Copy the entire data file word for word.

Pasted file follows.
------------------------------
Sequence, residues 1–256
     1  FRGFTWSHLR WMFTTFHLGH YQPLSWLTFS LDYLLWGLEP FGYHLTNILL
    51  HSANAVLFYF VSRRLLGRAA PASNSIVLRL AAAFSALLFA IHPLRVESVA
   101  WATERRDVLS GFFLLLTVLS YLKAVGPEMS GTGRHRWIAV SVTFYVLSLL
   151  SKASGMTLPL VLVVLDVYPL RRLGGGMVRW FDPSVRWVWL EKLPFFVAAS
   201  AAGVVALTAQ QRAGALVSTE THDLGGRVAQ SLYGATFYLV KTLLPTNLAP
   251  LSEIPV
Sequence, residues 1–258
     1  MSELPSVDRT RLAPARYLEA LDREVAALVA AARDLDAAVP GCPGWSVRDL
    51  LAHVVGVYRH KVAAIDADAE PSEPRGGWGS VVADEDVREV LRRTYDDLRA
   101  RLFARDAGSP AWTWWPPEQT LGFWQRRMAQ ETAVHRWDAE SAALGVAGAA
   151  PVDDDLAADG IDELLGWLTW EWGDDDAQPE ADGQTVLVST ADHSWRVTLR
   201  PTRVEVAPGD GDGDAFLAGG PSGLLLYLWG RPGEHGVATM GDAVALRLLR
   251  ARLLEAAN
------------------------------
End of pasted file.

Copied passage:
Sequence, residues 1–256
     1  FRGFTWSHLR WMFTTFHLGH YQPLSWLTFS LDYLLWGLEP FGYHLTNILL
    51  HSANAVLFYF VSRRLLGRAA PASNSIVLRL AAAFSALLFA IHPLRVESVA
   101  WATERRDVLS GFFLLLTVLS YLKAVGPEMS GTGRHRWIAV SVTFYVLSLL
   151  SKASGMTLPL VLVVLDVYPL RRLGGGMVRW FDPSVRWVWL EKLPFFVAAS
   201  AAGVVALTAQ QRAGALVSTE THDLGGRVAQ SLYGATFYLV KTLLPTNLAP
   251  LSEIPV
Sequence, residues 1–258
     1  MSELPSVDRT RLAPARYLEA LDREVAALVA AARDLDAAVP GCPGWSVRDL
    51  LAHVVGVYRH KVAAIDADAE PSEPRGGWGS VVADEDVREV LRRTYDDLRA
   101  RLFARDAGSP AWTWWPPEQT LGFWQRRMAQ ETAVHRWDAE SAALGVAGAA
   151  PVDDDLAADG IDELLGWLTW EWGDDDAQPE ADGQTVLVST ADHSWRVTLR
   201  PTRVEVAPGD GDGDAFLAGG PSGLLLYLWG RPGEHGVATM GDAVALRLLR
   251  ARLLEAAN